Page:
MOST PEOPLE WHO aspire to win in business fail because they do not ask the right questions. “It is the biggest problem I see,” said Manoj Bhargava, the $4 billion entrepreneur and founder of Living Essentials, which makes 5-Hour Energy, a two-ounce caffeine-fueled elixir its fans rely on to power them through a demanding day.
Bhargava, 65, is focused on asking the right questions, spotting real problems and coming up with true solutions. In a rare personal appearance, Bhargava on March 29 addressed an audience of several thousand at AAHOA’s 2018 convention and trade show at the Gaylord National Resort & Conference Center in National Harbor, Maryland.
In the beginning of his free-wheeling speech, Bhargava promised to give listeners at least one original thought they could take with them. He spent the next 45 minutes filling a pool with his thoughts, inviting listeners to take what they will from a speech frequently punctuated by applause.
The self-made business success said he realized he was addressing entrepreneurs, so any advice on that topic would be wasted. Bhargava believes ideas, words and time should not be squandered. Neither should wealth. “If you have wealth, it is your duty to help those who have less,” he said.
Bhargava invests most of his company’s profits toward projects that improve the lives of the poor in India – a hand-held battery pack that provides electricity; a process in which farmers can make their own fertilizer free of chemicals; and an appliance that makes brackish and grey water potable. The latter item is set to start mass production in the U.S. in about two months as homes and businesses need clean-water solutions, he said.
Identifying what consumers are willing to buy and finding meaningful ways to contribute to those in need comes from exploring and asking the right questions, he said. “Instead of asking ‘How do I dig a hole?’ the real question is ‘Why do I need a hole?’”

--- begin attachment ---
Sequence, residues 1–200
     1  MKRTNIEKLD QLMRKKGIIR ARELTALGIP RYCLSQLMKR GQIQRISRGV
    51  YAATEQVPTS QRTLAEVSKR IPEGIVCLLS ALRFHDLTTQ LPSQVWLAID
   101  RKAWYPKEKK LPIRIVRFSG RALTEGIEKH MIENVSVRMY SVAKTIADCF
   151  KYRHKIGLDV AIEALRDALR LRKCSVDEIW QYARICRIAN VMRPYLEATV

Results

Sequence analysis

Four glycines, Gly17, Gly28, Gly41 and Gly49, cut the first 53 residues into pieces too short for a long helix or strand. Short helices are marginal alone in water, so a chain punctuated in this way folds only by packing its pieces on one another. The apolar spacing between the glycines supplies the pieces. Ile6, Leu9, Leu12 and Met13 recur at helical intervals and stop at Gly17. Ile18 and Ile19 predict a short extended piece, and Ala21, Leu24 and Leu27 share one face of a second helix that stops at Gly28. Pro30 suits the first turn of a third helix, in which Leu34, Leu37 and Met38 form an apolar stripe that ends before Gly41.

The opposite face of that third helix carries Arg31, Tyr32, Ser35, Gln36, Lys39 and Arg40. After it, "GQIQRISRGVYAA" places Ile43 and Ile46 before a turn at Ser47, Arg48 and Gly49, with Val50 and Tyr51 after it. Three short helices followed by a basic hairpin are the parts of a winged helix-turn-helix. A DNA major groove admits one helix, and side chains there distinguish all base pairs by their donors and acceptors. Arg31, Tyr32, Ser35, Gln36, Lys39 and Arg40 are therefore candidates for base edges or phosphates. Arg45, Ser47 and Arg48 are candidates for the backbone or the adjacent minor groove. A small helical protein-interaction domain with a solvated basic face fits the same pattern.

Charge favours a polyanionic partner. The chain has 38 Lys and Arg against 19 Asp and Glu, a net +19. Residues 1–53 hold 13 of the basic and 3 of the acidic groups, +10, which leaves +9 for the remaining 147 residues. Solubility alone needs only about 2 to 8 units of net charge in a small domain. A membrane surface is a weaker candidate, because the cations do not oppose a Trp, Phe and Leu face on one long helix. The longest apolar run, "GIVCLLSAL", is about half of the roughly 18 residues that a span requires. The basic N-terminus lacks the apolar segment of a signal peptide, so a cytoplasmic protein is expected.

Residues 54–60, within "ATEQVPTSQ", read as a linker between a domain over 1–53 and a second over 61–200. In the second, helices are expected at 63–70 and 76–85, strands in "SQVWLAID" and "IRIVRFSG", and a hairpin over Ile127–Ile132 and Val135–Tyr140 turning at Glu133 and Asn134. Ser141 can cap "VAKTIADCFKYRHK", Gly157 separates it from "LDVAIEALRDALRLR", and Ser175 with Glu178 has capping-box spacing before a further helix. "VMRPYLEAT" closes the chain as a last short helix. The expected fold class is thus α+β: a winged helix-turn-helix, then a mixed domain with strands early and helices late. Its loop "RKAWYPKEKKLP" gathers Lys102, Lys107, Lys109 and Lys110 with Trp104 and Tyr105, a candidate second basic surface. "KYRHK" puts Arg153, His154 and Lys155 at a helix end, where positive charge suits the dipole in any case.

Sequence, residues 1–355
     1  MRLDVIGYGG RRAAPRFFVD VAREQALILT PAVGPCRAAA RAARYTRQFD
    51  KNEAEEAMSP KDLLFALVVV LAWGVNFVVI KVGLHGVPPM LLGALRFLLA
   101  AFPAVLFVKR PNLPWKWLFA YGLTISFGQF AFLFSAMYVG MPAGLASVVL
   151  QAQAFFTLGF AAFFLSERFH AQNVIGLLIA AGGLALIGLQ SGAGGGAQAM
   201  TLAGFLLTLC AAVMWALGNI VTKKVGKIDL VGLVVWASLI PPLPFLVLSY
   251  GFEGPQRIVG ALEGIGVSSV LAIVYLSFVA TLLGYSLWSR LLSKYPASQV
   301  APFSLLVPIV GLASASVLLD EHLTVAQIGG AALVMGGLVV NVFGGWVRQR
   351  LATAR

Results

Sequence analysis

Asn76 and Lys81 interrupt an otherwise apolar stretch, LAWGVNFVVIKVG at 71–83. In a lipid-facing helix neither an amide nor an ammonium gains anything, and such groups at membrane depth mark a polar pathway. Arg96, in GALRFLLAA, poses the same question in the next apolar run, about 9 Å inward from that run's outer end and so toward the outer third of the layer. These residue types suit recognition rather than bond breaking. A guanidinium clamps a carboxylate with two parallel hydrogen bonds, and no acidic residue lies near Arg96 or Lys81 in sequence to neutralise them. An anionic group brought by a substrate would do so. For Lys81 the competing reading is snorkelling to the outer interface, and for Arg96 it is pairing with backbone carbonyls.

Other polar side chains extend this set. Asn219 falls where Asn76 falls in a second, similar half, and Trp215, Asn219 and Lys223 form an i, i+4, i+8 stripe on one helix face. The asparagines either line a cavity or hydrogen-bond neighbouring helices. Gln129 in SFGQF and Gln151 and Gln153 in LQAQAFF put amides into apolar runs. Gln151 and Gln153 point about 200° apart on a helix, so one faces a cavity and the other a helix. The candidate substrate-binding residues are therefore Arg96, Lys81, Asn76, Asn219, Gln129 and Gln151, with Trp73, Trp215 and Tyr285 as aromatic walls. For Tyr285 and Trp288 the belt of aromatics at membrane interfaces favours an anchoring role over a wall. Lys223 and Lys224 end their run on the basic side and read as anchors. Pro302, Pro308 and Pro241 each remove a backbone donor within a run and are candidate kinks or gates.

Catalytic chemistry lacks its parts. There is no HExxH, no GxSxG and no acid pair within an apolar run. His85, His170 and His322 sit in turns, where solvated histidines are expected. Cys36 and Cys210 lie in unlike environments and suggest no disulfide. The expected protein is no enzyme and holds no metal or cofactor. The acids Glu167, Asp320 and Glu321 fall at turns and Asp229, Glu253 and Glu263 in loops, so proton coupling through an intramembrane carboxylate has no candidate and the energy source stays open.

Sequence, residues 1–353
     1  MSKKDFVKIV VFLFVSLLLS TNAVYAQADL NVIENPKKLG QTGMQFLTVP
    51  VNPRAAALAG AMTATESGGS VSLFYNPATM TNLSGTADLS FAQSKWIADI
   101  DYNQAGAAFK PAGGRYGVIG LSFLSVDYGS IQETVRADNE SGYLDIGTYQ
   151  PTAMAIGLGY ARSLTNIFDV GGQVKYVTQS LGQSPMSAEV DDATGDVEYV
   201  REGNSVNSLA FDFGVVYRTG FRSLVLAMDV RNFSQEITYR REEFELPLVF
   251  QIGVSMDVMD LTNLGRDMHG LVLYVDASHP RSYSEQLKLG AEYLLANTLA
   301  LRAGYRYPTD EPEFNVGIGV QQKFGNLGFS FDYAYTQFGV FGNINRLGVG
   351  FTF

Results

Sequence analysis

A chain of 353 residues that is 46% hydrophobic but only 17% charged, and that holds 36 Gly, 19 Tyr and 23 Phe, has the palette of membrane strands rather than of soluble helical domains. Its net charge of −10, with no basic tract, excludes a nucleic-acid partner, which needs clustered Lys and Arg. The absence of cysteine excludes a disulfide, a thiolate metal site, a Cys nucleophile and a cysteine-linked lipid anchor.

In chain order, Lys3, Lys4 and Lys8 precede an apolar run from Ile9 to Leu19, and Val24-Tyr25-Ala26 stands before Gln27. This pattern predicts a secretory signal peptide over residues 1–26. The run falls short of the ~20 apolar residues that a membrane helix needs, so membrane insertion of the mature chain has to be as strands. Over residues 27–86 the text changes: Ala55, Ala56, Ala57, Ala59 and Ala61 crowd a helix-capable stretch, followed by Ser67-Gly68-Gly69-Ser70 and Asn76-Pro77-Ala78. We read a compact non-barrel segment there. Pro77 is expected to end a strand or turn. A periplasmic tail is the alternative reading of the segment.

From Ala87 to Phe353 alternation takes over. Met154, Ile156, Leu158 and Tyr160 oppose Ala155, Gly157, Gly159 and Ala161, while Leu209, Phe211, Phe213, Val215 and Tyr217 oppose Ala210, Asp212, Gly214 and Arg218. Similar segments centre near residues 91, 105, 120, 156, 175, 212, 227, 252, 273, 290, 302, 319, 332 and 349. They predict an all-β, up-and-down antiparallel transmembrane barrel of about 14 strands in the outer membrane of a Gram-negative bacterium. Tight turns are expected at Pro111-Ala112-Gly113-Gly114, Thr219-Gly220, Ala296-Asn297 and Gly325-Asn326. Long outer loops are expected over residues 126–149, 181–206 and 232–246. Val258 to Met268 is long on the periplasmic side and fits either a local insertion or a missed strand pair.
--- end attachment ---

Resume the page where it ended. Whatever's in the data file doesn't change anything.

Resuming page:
Bhargava shared some bits about creating 5-Hour Energy, noting if one is tired enough to need an energy drink, downing a 16-ounce can of liquid is a daunting proposition. So, he put small doses in small bottles.
Next, he identified his customers – people in need of a quick shot of go-go juice, of course, but also the retailers who would sell it. “If the bottle is small, it is easy to display,” he said. Launched to market in 2004, the red and yellow 5-Hour Energy bottles are displayed at checkout counters in such places as convenience stores, gas stations and grocery stores – next to key chains and lighters, not 16-0unce competitors in beverage coolers.
The product is ubiquitous and has come to signify America’s hard-charging, hard-playing culture evident in various pursuits, from professional sports to corporate offices. IRI, a market-research firm, says last year, 5-Hour Energy sold more than 271 million bottles, generating $1 billion in revenue.
“The myth about entrepreneurs is that we are risk takers,” Bhargava said. “It’s pretty silly. If you want to take risks, go to Las Vegas. Entrepreneurs manage risk; we minimize risk.”
One of the wealthiest people in America, Bhargava is a native of Lucknow, Utter Pradesh, India, who came to the U.S. as a teenager with his family. He attended high school in Philadelphia and studied at Princeton University for one year before dropping out. His company, Living Essentials, is based in Michigan, where Bhargava lives with his wife and son.
He seems not particularly fond of higher education. During his talk, he holds his hands a shoulder length apart. “What they teach you in MBA school, about this much is useful.” He spreads his arms farther apart. “About this much is useless and harmful. When people come out of MBA school they actually think they know something, and that makes them really dangerous.”
Bhargava told the hoteliers: “A lot of you here today don’t have MBAs, and my contention is that’s why you are successful.”
Bhargava said he hires people who get things done. It is the rank-and-file who are close to the problems and who understand the best solutions are usually the simplest – like putting 5-Hour Energy in small bottles next to cash registers.